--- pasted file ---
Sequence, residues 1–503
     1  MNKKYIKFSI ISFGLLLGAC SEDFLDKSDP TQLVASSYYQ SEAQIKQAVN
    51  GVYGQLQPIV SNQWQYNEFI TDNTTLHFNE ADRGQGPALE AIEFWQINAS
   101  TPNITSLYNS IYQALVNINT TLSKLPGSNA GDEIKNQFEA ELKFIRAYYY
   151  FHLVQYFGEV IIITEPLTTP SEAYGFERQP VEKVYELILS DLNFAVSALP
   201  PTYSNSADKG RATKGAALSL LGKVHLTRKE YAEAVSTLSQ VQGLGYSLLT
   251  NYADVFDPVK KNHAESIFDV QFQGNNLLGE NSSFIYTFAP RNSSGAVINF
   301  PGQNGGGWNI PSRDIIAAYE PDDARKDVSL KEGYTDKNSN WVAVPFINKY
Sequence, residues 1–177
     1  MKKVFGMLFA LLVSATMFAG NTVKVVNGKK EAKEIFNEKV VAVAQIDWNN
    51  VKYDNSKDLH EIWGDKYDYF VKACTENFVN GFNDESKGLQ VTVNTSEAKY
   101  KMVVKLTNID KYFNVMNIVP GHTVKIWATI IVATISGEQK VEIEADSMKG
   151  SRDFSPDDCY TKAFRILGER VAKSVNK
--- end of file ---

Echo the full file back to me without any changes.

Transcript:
Sequence, residues 1–503
     1  MNKKYIKFSI ISFGLLLGAC SEDFLDKSDP TQLVASSYYQ SEAQIKQAVN
    51  GVYGQLQPIV SNQWQYNEFI TDNTTLHFNE ADRGQGPALE AIEFWQINAS
   101  TPNITSLYNS IYQALVNINT TLSKLPGSNA GDEIKNQFEA ELKFIRAYYY
   151  FHLVQYFGEV IIITEPLTTP SEAYGFERQP VEKVYELILS DLNFAVSALP
   201  PTYSNSADKG RATKGAALSL LGKVHLTRKE YAEAVSTLSQ VQGLGYSLLT
   251  NYADVFDPVK KNHAESIFDV QFQGNNLLGE NSSFIYTFAP RNSSGAVINF
   301  PGQNGGGWNI PSRDIIAAYE PDDARKDVSL KEGYTDKNSN WVAVPFINKY
Sequence, residues 1–177
     1  MKKVFGMLFA LLVSATMFAG NTVKVVNGKK EAKEIFNEKV VAVAQIDWNN
    51  VKYDNSKDLH EIWGDKYDYF VKACTENFVN GFNDESKGLQ VTVNTSEAKY
   101  KMVVKLTNID KYFNVMNIVP GHTVKIWATI IVATISGEQK VEIEADSMKG
   151  SRDFSPDDCY TKAFRILGER VAKSVNK